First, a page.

Remembering – Lance Sergeant Walter Roy Dowden 12th Field Regiment R.C.A. 11th Field Battery-D #B11194

submitted by Linda Neal – niece of Lance Sergeant W.R. Dowden

Where does one begin to describe the life of a person who lived less than twenty-five years? A person who was respected and loved by all who knew him; a person who left a legacy of words through which future generations can know him?

Walter Roy Dowden was born in Plymouth, Devon, England on July 17, 1919, and came to live in Brantford, Ontario, Canada in the following year.

By the time he was a teenager, he had nine siblings ( three sisters and six brothers). He was active in Scouting and cadets and the militia in Brantford and spent time at ‘army camp’. Walt officially “joined-up” on June 12, 1940, and became a member of the 11-69th Field Battery, Third Division, Royal Canadian Army, Number B-11194. Soon after Walt left for Petawawa, the 11-69th Battery and the 16-43rd Battery joined forces to form the 12th Canadian Field Regiment.
After training at Petawawa and Sussex, New Brunswick, Walt’s regiment sailed to England, arriving in Liverpool, England on July 30, 1941. During almost three years of training in England, Walt wrote copious letters and postcards to his family at home; many of these were saved by a sister and are treasured by his family. He detailed his experiences (unless censored), his feelings, and told of a young woman, Rae, who had become important in his life. He also took hundreds of photos which add to his story. He was promoted to Lance Sergeant before sailing for France.
As the invasion of France was imminent, Walt wrote his final letter, #133, to his parents, sharing his fear but also his hope for the future, and with a full understanding of the history of the moment, before signing off with a “cheerio” and “au revoir.”
Part of the D Day invasion, Walt survived the assault on the beaches on June 6, and three days later, doing reconnaissance on a motorcycle, had made it as far as a crossroads near Putot-en-Bassin, on the road from Bayeux to Caen, where he was shot and killed in battle.
His final burial was in Ryes War Cemetery near Bazenville, France.
Saturday, June 3rd, 1944,
B11194 – Lance Sergeant Dowden W.R.
No. 133, 12th R.C.A.

The last Letter #133, Sent Before D-Day Crossing

Dearest Mom & Dad:
I’m writing this week’s letter a day early, just in case I don’t get a chance to do any writing tomorrow.
At this time I find myself staring into space, wondering what I can write about, what I can say to you folks at home.  Much will have happened by the time you receive this. The radio & newspapers will burst forth with news of all the latest happenings, as the war goes on.
But the radio or the newspapers could not convey to you the thoughts I have at this time. I’m not sure that I can tell you what my thoughts are, or even that I want to tell you.
I am a part, however small, of a great force, which in the months to come will bring the war in Europe to a great and victorious conclusion.
You & I have heard of many chaps, who, under circumstances such as this, write very touching letters to be forwarded to their loved ones just in case. I must admit that I thought of it myself, but decided against it. Great things are in store for me, for us. I will speak only of myself, but what applies to me also applies to thousands like myself.  I am a part, however small, of a great force, which in the months to come will bring the war in Europe to a great & victorious conclusion.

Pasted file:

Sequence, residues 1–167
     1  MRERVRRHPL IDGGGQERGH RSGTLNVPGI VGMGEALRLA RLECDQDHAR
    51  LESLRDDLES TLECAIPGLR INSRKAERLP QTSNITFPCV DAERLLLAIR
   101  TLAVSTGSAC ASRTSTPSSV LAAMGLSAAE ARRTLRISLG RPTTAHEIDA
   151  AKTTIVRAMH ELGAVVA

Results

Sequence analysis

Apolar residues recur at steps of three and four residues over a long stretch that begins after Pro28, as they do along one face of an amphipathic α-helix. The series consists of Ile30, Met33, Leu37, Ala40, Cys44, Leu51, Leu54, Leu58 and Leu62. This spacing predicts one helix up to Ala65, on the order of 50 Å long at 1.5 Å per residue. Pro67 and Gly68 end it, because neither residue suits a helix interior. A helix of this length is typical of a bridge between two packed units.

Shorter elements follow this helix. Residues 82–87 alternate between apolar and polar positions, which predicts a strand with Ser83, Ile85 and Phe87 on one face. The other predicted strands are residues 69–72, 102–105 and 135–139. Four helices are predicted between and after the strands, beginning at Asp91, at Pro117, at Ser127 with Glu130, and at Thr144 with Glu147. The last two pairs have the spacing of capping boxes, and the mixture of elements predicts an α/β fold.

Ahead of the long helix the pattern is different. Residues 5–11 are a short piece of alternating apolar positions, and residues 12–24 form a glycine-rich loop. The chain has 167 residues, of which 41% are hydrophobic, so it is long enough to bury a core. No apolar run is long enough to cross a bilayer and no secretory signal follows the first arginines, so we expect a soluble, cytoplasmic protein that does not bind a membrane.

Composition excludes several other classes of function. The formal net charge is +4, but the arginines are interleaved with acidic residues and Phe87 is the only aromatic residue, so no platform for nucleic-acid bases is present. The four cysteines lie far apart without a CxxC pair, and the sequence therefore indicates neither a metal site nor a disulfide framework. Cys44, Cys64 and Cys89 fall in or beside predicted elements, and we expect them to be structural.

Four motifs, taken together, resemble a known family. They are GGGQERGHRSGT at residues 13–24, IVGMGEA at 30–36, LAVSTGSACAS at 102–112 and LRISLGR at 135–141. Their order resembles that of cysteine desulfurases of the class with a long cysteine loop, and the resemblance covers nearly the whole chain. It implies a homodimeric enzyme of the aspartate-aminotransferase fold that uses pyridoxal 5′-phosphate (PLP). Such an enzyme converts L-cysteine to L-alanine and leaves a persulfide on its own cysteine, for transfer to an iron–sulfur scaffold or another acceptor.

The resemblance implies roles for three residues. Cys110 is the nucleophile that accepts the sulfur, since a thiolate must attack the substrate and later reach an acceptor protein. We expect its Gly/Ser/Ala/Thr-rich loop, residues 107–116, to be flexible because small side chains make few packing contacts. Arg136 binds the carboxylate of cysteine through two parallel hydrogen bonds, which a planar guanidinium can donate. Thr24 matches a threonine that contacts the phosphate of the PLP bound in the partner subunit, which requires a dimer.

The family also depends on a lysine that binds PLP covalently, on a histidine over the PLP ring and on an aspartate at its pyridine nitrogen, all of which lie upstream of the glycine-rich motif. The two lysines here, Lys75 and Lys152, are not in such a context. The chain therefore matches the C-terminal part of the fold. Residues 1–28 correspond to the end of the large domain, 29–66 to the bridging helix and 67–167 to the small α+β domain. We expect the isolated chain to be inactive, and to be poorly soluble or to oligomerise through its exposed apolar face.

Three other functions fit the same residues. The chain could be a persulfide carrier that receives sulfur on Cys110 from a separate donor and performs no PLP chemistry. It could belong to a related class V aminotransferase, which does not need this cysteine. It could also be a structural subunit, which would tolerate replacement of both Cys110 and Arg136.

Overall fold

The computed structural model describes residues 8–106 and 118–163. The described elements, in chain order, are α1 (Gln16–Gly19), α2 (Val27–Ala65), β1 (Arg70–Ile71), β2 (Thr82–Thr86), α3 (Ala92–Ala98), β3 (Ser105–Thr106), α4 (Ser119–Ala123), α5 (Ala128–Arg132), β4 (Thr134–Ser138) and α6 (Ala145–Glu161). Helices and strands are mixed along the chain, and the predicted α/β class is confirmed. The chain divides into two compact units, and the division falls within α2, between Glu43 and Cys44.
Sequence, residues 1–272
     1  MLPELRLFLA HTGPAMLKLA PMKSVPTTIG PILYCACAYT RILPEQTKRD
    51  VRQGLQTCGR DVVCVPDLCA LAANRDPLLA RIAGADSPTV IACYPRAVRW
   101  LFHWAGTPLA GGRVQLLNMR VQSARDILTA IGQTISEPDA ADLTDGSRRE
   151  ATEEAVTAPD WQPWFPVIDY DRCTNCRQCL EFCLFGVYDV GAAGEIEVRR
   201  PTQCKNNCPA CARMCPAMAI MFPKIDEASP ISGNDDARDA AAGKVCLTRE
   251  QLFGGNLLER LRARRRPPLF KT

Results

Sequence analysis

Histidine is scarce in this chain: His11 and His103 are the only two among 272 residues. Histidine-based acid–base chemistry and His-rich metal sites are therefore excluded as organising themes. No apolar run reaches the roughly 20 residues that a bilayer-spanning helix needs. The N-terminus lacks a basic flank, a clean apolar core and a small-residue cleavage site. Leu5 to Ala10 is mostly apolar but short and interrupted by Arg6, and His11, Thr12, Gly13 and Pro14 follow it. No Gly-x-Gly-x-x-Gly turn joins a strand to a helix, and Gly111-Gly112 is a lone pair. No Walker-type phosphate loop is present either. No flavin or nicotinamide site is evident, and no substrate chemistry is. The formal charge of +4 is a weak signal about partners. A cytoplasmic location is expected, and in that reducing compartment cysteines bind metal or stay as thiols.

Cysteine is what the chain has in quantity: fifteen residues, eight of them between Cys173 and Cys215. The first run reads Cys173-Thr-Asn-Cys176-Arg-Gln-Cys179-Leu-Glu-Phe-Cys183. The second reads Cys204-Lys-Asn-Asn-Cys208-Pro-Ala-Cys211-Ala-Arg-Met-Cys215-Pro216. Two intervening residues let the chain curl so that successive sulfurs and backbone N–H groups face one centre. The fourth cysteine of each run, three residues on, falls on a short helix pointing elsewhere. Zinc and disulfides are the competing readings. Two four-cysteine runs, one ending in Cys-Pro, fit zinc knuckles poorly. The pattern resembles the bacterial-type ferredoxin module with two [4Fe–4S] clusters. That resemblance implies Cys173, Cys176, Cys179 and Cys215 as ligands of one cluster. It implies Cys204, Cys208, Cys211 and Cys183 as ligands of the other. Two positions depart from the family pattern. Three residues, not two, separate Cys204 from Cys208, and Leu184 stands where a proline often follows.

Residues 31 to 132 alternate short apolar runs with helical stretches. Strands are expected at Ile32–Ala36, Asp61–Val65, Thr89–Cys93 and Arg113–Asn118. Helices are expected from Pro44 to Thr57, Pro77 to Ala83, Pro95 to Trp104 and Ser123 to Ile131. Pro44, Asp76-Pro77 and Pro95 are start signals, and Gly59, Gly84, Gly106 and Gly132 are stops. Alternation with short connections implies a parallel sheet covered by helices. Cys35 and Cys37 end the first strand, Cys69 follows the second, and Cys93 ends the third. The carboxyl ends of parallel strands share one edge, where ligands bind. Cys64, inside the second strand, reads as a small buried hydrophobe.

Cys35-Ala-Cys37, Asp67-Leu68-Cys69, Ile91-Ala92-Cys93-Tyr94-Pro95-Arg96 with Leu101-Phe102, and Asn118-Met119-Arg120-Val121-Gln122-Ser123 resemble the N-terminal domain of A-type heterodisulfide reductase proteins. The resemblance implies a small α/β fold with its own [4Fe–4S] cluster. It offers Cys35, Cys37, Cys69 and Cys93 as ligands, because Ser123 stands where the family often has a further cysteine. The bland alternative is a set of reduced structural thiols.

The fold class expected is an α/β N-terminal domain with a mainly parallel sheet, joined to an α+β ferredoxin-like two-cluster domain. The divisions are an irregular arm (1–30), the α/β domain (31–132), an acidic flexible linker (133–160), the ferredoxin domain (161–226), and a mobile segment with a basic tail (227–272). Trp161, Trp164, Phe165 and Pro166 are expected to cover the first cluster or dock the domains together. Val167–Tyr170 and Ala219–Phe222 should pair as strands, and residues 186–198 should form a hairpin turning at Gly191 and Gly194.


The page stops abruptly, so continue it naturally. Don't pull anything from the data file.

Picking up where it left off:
It will be hard.  Yes, I realize that & am ready for it.  You may wonder if I am afraid. I have wondered about that myself, & have decided that if I do feel any fear, it must be overrun by other emotions such as curiosity, the will to fight & win, & many other things which I am finding awfully hard to put into words. I have had more than my share of joy & happiness, I have loved & been loved in return, my friends have been good & many, & my experiences in Life, altho’ they would not seem important to others, have to me been most pleasant & interesting.
Now, I am wondering what your thoughts are after reading my letter this far.  Have I been too practical, too outspoken? I don’t think so, for I have only spoken our thoughts.
It’s like this, Folks, Syd & I, along with all the rest have a job to do. We’ll do that job, & we’ll look after ourselves while doing it.  I know it won’t be easy for you folks back home, but we do ask you to keep smiling, & not to worry. Just carry on, as usual for us.
“Monty” himself says that we can beat Germany in six months. Think of that, just six months if all goes well.  Of the Canucks, “Monty” is quoted as having said “The only thing the Canadians will stop for, is to read their mail.” He can say that again!
I am sorry if this letter sounds rather “screwy,” & perhaps a little too outspoken. But it surely is a “screwy” world we are living in just now but give us just one more year, & we’ll straighten it out, this time, for good!
And now there doesn’t seem to be much left for me to say. Once again I ask you, all of you, not to worry too much, keep the Home fires burning, & with all of us lads over here, look forward, & hope & pray for that glorious day when we’ll all be together once again, happy, contented, & free to live our lives as we wish.
Keep the letters coming, ‘Gang’, & I’ll write whenever I get the chance. I’ll say “Au Revoir” for now, & until next time you hear from me, Cheerio, Cheri’s & damn it all, Keep Smiling!
God Bless You, Mum & Dad, – all of you.
Loads of Love, xxx…-Walt. xxx
x x xxx

Early days in Ryes Cemetery

Reference link lists Canadian casualties. June 1944
Scrolling down, it lists Dowden. W. R..  Putot-en Bassin.